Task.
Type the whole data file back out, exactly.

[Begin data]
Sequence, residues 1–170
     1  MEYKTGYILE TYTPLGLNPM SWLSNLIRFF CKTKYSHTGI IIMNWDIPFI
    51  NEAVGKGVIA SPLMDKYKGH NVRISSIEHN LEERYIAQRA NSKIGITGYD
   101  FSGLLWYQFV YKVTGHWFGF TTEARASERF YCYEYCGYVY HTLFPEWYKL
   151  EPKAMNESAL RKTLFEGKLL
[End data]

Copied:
Sequence, residues 1–170
     1  MEYKTGYILE TYTPLGLNPM SWLSNLIRFF CKTKYSHTGI IIMNWDIPFI
    51  NEAVGKGVIA SPLMDKYKGH NVRISSIEHN LEERYIAQRA NSKIGITGYD
   101  FSGLLWYQFV YKVTGHWFGF TTEARASERF YCYEYCGYVY HTLFPEWYKL
   151  EPKAMNESAL RKTLFEGKLL